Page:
I covered similar territory once before in a virtual exhibit called les fruits dangereux and at the time concluded that virtual objects, like post-modern novels, involve bricolage and the combining of disparate elements in unexpected ways. For instance combining phones, electrical tape and fruit or combining clock parts and pencil cases. Disrupting categorical thinking at a very basic level makes people – especially authority people – suspicious and unhappy.

Which gets us back to racism which is apparently what has happened to Ahmed Mohammed who was led out of school in handcuffs in front of his peers – and we’re talking high school! and he wasn’t asking to be called “McLovin.” It’s pretty cruel stuff. The fear of racial mixing (socially or biologically) always raises it’s head and comes from the same desire to categorize people and things into bento box compartments. The great fear is that we start to acknowledge that we live in a continuum of types rather than distinct categories of people, races and objects. In the modern age, mass production makes all consumer objects uniform in a way that artisanal objects never were while census forms do the same for people.

Virtual reality will start by copying real world objects in a safe way. As with digital design, it will start with isomorphism to make people feel safe and comfortable. As people become comfortable, bricolage will take hold simply because, in a digital world rather than a commoditized/commodified world, mashups are easy. Irony and a bit of subversiveness will lead to bricolage with purpose as we find people’s fantasies lead them to combine digital elements in new and unexpected ways.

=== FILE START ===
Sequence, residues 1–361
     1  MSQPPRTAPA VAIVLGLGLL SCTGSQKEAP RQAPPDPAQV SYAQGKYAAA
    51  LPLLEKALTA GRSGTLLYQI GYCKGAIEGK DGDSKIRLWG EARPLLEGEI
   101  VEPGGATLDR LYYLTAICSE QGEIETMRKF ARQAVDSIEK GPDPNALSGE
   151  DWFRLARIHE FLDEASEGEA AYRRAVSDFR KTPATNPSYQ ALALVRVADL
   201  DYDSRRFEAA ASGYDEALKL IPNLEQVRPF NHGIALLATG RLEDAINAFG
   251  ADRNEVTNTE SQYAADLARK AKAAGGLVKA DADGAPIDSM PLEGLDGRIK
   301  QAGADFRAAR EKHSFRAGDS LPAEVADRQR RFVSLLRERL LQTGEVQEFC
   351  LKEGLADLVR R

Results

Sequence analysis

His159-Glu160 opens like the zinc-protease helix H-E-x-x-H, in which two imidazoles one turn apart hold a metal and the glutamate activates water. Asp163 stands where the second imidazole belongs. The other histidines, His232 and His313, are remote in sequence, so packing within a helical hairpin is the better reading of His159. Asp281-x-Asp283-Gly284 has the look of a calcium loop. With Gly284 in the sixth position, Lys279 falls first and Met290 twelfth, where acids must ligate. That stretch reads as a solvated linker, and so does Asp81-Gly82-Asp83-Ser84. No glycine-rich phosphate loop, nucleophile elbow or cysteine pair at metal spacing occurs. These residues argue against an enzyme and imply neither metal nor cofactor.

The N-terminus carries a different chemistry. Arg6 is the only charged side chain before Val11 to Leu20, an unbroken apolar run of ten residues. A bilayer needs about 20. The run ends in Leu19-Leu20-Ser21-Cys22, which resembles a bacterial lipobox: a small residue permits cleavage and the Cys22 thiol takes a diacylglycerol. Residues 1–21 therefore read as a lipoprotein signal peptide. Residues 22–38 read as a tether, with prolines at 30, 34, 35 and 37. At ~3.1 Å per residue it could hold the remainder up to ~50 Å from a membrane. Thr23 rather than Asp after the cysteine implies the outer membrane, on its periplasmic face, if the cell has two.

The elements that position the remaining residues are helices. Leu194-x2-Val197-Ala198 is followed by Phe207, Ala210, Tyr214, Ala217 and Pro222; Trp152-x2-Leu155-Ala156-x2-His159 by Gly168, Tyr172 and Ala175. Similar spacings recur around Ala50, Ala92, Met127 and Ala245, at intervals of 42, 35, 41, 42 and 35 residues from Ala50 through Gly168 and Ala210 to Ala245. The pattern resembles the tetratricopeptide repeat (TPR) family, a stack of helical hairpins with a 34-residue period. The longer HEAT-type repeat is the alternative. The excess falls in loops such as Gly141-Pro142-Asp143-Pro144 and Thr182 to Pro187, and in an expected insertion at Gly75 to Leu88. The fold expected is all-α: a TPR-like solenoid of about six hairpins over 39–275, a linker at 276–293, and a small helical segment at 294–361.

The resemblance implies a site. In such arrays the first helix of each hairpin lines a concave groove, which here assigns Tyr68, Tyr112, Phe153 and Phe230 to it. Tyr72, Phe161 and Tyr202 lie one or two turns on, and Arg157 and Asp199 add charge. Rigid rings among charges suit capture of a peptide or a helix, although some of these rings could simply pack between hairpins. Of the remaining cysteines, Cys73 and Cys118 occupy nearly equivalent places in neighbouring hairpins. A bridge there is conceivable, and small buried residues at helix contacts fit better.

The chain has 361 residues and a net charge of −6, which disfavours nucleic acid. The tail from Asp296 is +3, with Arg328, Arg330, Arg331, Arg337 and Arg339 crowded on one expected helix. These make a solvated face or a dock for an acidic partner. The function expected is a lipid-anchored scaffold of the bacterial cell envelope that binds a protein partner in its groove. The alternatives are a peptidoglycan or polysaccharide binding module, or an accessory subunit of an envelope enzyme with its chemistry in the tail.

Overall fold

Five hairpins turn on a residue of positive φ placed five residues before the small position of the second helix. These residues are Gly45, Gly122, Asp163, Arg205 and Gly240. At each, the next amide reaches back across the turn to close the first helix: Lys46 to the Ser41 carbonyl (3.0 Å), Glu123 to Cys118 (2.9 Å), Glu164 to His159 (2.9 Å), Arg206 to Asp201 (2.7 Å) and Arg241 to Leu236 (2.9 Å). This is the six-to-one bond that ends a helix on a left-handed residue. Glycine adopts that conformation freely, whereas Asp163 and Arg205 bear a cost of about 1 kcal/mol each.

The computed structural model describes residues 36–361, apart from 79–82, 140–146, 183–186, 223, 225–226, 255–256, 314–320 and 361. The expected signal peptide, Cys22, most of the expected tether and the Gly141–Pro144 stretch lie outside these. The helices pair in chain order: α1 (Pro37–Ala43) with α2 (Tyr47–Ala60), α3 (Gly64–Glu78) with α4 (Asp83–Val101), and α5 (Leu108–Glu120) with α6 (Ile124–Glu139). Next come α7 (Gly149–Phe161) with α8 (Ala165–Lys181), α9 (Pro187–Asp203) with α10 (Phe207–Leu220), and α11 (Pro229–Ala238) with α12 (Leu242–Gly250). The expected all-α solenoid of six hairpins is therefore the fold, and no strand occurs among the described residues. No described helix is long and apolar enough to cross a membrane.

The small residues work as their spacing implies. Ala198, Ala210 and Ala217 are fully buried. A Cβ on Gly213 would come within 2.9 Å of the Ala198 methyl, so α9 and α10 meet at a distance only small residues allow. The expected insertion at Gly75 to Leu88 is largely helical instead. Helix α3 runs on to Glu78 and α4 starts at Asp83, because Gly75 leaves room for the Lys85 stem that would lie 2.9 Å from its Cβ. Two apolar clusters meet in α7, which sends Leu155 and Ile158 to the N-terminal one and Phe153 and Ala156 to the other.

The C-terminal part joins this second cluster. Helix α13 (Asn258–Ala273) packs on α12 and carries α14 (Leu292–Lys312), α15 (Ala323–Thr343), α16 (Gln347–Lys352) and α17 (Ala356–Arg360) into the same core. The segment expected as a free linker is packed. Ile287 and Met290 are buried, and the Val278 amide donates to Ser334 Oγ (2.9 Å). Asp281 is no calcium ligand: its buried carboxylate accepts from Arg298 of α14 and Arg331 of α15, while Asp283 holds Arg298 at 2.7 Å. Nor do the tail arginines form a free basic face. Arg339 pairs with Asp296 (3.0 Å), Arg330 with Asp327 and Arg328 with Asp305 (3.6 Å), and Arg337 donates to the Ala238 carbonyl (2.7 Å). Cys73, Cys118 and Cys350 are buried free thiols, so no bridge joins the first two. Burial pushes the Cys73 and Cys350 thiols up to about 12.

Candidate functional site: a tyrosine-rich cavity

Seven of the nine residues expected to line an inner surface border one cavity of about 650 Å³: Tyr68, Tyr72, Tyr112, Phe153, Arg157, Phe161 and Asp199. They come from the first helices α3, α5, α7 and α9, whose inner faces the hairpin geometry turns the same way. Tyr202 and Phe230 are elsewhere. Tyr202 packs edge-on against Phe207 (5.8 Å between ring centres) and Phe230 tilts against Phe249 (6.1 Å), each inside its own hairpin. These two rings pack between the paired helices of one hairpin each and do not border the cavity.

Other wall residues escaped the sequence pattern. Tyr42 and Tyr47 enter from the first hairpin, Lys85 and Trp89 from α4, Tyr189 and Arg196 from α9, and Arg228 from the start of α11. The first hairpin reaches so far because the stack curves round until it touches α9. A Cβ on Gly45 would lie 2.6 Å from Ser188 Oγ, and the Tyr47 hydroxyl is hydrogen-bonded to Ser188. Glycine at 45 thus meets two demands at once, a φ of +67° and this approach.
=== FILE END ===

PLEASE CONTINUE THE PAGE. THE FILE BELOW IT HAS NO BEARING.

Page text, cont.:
We can all predict augmented and virtual ways to press a digital button or flick through a digital menu projected in front of us in order to get a virtual weather forecast. Those are the sorts of experiences that just make people bored with augmented reality vision statements.


The true promise of virtual reality and augmented reality is that they will break down our racial, social and commodity thinking. Mixed-reality has the potential to drastically change our social reality. How do social experiences change when the color of a person’s avatar tells you nothing real about them, when our social affordances no longer provide clues or shortcuts to understanding other people? In a virtual world, accents and the shoes people wear no longer tell us anything about their educational background or social status. Instead of a hierarchical system of discrete social values, we’ll live in a digital continuum.

That’s the sort of augmented reality future I’m looking forward to.

The important point in the Ahmed Mohammed case, of course, is that you shouldn’t arrest a teenager for not making a bomb.

Leave a Reply

Your email address will not be published. Required fields are marked *